Buyers Guide

Buying new is different

Buying new

Many first time buyers choose brand new homes but what do you need to know if you do the same? Emma Newby leads the specialist New Build Department at Beaumont Legal – First Time Buyer’s Best Law Firm for Conveyancing in 2013, 2014, 2015 and 2016 – and explains what you should keep in mind

28-day exchanges
Exchanging contracts is the point at which the sale is confirmed – when neither seller nor buyer can pull out – and many developers insist you exchange contracts to a strict deadline, whether or not the property is complete. Typically this will be within four weeks of reserving your property but it can be as little as three, so you have to act quickly to get things moving or you could lose any reservation fee you’ve paid to the developer.

This means you need to work closely with your solicitor, making sure you complete all the paperwork you’re given quickly, plus supplying all ID documents needed as soon as you can. Choosing a solicitor who’s experienced in new builds or special factors that may be involved in your case is crucial to ensure that any deadlines are met – some smaller firms will rarely handle complex cases like help to buy, shared ownership or leasehold properties (e.g. apartments).

Help to Buy
If you’re using Help to Buy you need to complete your application for the scheme as soon as possible, which will be more of a challenge if there’s a 28-day exchange target. You might do this on your own, with the help of the developer or financial advisor and if you’re successful the result will be an Authority to Proceed form. You will need to confirm you won’t own part of any existing property at the point of exchange of contracts, a copy of your mortgage valuation, details of any incentives you’re receiving from the developer, plus proof you have the 5% deposit needed and confirmation this won’t come from further borrowing. You need to get all of this to your solicitor as soon as possible.

Completion on Notice – in case the property’s not ready in time
Sometimes new build properties aren’t ready when it’s time to exchange contracts and you have to go ahead with no fixed date for completion – the date you can move in. Even if you have somewhere else to live for this period, you need to ensure your mortgage won’t expire by the point of completion.
One solution is a long stop completion date – effectively a deadline by when, if the house isn’t ready, you can withdraw from the purchase and recover any deposit you’ve paid. Not all developers will agree to this – but it’s worth keeping in mind if they can’t guarantee a date.

Snagging
Most developers have their own procedures in place for dealing with items that aren’t perfect, or snags, when the house is completed. Often there will be minor works that can’t be done before completion takes place, which is where the new home warranty provider comes in.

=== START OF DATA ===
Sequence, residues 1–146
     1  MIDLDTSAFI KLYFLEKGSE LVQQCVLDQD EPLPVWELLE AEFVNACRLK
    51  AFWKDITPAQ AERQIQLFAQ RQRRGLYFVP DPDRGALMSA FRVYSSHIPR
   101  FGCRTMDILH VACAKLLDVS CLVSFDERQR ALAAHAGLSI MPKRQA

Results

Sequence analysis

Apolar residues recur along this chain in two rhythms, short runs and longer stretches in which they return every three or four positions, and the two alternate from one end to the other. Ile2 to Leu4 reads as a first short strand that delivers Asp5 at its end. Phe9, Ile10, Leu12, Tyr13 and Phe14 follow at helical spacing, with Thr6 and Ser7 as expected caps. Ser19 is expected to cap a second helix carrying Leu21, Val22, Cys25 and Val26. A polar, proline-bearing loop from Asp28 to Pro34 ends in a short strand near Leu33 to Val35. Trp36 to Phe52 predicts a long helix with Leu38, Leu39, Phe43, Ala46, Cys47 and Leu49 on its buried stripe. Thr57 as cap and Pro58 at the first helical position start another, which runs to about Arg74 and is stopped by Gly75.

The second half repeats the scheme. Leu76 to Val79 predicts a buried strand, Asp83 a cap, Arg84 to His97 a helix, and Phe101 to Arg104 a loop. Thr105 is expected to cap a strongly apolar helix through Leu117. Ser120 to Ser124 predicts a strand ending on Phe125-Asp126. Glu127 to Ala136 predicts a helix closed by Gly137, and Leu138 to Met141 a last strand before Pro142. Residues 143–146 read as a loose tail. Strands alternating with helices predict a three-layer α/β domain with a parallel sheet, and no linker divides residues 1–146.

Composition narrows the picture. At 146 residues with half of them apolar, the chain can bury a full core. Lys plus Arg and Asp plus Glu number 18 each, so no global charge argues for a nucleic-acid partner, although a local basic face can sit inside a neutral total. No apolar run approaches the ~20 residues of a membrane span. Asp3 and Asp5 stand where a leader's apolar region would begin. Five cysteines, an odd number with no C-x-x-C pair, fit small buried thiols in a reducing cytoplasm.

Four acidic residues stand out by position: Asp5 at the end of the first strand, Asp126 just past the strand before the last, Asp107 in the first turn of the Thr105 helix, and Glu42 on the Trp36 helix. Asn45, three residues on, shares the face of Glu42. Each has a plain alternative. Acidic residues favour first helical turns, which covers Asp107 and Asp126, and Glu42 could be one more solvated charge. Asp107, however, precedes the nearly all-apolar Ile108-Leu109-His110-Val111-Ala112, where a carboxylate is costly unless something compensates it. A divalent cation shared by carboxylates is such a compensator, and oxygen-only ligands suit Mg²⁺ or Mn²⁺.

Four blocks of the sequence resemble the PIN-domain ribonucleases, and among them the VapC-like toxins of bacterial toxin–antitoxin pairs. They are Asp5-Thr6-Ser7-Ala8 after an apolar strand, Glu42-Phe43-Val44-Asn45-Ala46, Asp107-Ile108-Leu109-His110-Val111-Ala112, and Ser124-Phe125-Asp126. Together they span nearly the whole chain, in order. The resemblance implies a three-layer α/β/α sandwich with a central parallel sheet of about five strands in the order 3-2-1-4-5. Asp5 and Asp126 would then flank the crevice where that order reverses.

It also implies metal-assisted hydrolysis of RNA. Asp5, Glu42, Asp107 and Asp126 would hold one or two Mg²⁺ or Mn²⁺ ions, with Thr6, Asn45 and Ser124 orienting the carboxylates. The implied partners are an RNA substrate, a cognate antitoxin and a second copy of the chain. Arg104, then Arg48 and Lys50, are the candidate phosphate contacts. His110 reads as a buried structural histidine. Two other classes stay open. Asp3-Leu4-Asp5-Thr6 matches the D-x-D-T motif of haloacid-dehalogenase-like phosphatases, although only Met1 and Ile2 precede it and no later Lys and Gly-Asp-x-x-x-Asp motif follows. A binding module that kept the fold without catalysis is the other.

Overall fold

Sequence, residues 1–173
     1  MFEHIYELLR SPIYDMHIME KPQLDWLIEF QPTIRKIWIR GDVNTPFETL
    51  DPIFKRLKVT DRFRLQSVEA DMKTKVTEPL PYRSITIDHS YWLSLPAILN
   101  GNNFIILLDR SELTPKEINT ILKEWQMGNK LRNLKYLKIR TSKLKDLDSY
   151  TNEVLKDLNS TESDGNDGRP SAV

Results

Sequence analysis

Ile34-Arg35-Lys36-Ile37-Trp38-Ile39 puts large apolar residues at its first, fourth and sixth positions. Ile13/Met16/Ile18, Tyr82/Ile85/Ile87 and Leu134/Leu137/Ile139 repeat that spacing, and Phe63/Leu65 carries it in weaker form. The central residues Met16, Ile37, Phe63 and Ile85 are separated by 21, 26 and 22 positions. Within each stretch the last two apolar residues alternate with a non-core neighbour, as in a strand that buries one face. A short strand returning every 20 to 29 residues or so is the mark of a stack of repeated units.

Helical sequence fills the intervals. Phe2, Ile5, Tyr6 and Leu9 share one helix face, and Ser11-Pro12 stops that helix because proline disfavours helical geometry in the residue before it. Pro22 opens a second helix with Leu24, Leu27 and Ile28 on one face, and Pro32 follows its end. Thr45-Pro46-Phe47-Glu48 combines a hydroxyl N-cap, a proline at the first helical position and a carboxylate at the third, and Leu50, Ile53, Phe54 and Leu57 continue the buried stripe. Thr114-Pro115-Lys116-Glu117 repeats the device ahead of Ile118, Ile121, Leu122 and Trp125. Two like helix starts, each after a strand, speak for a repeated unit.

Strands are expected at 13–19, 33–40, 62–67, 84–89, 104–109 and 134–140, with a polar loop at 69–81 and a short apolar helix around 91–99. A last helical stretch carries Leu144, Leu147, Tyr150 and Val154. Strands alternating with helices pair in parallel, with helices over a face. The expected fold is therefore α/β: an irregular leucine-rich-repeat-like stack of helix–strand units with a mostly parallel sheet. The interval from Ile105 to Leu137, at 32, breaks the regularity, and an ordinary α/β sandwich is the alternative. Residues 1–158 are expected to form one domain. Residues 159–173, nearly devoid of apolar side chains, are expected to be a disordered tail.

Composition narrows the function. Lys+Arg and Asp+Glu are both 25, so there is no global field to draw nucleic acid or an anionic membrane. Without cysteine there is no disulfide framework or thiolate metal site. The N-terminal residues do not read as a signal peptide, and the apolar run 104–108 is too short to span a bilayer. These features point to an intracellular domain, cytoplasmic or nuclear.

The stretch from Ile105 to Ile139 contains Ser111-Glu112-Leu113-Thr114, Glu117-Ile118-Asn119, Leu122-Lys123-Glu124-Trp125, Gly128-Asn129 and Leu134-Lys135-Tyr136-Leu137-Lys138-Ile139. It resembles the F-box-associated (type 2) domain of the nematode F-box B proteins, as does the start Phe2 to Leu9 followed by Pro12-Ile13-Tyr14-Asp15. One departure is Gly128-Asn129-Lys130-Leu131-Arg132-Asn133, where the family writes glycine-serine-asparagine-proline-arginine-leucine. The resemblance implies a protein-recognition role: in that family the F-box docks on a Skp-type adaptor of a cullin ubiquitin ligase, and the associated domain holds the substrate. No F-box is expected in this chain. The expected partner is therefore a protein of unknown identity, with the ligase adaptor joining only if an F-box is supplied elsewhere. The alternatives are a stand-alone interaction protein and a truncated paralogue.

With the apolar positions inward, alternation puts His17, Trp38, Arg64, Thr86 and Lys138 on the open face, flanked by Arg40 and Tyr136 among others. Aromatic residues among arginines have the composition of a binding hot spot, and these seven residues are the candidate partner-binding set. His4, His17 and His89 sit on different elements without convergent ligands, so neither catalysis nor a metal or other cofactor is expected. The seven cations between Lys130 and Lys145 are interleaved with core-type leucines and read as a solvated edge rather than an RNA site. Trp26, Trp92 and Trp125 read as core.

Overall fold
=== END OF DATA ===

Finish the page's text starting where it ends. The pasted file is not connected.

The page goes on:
Once the property is signed off as ready for occupation you’ll likely be invited for a tour. Here you make sure all items of snagging are listed and the developer should give you dates for when the work will be done. You won’t be able to delay completion or hold back any funds until the snags are fixed – the contract and warranty are your guarantee they will be – but if you’re buying from a smaller house builder you should check to ensure the contract doesn’t have any onerous conditions to stop you insisting they fix any snags.

Extras
As with buying a new car, you might purchase extras from the builder, and you’ll normally be required to pay for these in full before completion – if not the cost will be added to the final completion statement your solicitor receives, in which case it’s the solicitor you’ll need to give this money to. Whether you’ve paid for any extras or not, make sure you inform your solicitor so this is accounted for in any final completion statements.

One last thing to remember
The key thing to remember with new builds is to have as much in place as you can before you reserve your property. If you know you’ll be using Help to Buy and shared ownership, or that it’s a leasehold, look for a solicitor that has experience in those areas because you won’t want to any delays once your offer is accepted.

 

Emma Newby is the head of the specialist New Build Department at Beaumont Legal – who won First Time Buyer’s Best Law Firm for Conveyancing Award in 2013, 2014, 2015 & 2016. They let you buy your first home without hanging around for the paperwork – you send and receive documents online, securely and instantly, to really speed up the whole legal process. You can start your conveyancing anywhere, anytime, with any device, by visiting beaumont-legal.co.uk or calling 0345 122 8080

Click to comment

You must be logged in to post a comment Login

Leave a Reply

Most Popular

To Top